Balance sheet insolvency
|The Jolly Contrarian’s Glossary |
The snippy guide to financial services lingo.™
also known as “technical insolvency” or “accounting insolvency”, “Balance sheet insolvency”, like cashflow insolvency, is a variety of being “unable to pay one’s debts”, an expression which in turn features in many definitions of “insolvency” or “bankruptcy”.
Compared with the carefully crafted prose of other limbs, this seems a dangerously vague expression. But it has a pretty technical meaning — conferred by statute, no less — Section 123(2) of the Insolvency Act 1986, which says a company will be deemed unable to pay its debts “if it is proved to the satisfaction of the court that the value of the company’s assets is less than the amount of its liabilities, taking into account its contingent and prospective liabilities”. This is what we mean by balance sheet insolvency.
English courts have recently had an opportunity consider what this means, and have resourcefully concluded: “what it says”.
In BNY Corporate Trustees v Eurosail the Supreme Court noted that while this test this is often called “balance sheet insolvency” it can’t be satisfied purely by reference to the company's statutory balance sheet, because that may omit important information like contingent liabilities. Nor does it mean that the company has “reached the point of no return because of an incurable deficiency of assets”, which was what the Court of Appeal in this case had hypothesised.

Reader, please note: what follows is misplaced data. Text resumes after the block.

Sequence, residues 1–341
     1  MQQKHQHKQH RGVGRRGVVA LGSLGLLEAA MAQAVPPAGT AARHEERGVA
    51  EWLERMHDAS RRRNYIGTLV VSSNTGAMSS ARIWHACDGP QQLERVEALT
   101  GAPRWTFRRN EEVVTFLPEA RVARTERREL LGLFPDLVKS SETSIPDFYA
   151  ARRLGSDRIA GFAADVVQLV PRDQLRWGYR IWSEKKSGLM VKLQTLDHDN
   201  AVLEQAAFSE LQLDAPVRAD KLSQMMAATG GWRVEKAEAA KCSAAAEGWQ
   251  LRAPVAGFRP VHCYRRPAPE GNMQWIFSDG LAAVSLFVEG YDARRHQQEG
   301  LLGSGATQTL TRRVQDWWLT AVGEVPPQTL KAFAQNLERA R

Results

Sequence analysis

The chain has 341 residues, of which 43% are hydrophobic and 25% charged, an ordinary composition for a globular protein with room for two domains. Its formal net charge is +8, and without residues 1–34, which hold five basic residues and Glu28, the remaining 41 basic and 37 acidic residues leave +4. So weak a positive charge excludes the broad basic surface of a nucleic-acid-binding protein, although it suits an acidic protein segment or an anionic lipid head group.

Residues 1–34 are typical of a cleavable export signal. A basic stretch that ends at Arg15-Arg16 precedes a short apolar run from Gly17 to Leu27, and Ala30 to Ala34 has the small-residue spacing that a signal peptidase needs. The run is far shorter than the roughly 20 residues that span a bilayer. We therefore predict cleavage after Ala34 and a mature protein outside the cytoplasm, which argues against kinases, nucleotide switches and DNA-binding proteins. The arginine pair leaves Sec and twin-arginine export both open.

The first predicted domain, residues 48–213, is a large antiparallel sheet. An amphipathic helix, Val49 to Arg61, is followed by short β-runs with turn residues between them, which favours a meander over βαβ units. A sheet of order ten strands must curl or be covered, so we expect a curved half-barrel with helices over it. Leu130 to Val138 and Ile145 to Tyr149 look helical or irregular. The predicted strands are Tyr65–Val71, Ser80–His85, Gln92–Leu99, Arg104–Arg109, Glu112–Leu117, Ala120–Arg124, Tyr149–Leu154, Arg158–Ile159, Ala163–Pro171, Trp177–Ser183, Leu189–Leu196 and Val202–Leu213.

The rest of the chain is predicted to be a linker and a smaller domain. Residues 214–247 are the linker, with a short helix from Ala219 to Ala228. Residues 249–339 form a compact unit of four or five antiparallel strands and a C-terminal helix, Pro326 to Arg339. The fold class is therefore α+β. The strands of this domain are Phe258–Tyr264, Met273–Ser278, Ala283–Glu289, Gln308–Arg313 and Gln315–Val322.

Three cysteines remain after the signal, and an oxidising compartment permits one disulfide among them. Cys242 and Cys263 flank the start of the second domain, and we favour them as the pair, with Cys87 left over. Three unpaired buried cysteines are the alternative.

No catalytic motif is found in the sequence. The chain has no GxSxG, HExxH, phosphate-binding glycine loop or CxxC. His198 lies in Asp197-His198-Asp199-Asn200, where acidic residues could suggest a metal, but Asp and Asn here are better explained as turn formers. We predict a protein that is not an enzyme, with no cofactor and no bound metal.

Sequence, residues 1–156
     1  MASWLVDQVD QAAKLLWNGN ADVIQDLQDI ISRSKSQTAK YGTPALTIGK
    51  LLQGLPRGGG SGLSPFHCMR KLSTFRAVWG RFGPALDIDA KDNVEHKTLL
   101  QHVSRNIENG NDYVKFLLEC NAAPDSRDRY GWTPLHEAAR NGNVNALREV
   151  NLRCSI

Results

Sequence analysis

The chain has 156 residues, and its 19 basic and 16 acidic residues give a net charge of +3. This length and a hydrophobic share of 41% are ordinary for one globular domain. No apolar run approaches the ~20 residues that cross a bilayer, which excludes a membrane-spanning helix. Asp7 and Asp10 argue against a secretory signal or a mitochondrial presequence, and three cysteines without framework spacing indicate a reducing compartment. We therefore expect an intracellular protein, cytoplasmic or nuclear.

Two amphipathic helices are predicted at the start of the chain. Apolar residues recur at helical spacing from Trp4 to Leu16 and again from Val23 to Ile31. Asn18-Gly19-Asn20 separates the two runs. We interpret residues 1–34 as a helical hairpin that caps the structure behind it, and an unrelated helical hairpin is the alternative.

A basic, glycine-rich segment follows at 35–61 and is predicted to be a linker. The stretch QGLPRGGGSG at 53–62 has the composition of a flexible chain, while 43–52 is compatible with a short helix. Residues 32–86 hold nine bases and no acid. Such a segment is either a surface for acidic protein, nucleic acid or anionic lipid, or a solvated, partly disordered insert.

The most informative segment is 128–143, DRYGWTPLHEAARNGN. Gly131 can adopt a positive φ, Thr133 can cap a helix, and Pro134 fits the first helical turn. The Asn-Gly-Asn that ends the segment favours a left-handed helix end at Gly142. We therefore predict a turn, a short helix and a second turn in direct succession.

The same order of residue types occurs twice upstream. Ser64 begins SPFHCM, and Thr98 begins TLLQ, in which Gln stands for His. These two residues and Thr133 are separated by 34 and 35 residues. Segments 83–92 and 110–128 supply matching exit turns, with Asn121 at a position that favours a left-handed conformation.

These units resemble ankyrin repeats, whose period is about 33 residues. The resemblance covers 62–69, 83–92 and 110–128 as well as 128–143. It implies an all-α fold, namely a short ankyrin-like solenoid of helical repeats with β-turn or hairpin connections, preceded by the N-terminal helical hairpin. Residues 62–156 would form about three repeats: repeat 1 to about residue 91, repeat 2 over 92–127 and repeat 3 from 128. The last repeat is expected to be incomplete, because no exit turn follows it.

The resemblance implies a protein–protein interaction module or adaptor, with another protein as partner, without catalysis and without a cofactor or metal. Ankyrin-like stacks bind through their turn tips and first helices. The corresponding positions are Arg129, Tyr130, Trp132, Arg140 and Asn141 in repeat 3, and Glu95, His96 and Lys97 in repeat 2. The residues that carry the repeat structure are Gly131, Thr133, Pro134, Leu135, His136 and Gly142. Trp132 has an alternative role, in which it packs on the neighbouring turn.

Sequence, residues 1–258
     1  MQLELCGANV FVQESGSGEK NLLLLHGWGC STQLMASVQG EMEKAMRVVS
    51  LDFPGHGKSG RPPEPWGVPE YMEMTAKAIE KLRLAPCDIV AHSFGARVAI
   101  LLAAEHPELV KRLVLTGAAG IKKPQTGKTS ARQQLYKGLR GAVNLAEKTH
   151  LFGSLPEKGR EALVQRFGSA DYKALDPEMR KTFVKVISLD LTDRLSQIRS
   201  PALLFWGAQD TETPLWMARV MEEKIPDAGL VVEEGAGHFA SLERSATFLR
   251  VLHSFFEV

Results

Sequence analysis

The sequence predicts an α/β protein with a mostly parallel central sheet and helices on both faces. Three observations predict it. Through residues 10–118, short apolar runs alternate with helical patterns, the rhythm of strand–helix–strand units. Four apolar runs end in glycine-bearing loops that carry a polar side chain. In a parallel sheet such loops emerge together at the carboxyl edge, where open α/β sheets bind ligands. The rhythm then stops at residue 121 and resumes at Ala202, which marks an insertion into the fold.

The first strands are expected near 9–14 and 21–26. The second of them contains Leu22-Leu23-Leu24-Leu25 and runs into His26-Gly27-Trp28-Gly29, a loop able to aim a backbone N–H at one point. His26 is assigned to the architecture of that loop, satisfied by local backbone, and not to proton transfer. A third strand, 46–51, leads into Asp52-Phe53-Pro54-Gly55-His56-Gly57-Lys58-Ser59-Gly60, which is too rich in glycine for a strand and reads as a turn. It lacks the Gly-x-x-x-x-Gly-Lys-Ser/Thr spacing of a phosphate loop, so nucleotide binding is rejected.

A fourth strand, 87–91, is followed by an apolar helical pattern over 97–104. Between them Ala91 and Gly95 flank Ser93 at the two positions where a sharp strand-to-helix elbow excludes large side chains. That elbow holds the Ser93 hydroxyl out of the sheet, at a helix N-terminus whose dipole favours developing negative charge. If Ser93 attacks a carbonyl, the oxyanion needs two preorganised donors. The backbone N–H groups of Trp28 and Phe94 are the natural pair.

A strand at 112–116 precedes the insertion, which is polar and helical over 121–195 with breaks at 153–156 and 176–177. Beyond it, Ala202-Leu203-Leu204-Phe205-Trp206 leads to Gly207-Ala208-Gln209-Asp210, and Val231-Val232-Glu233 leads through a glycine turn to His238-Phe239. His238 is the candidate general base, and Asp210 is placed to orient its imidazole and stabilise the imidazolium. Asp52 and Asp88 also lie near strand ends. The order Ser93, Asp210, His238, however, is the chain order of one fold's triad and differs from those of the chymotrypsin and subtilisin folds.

The court decided that for “the value of the company’s assets to be less than the amount of its liabilities, taking into account its contingent and prospective liabilities” the court must be satisfied, on the balance of probabilities, that the company has insufficient assets to be able to meet all its liabilities including prospective and contingent liabilities (I know what you’re thinking by the way — the highest court in the land isn’t adding a whole lot of value at this point is it?) discounted for contingencies and deferment.
Whether that is satisfied depends on the particular circumstances, and the burden of proof will be on the party asserting insolvency.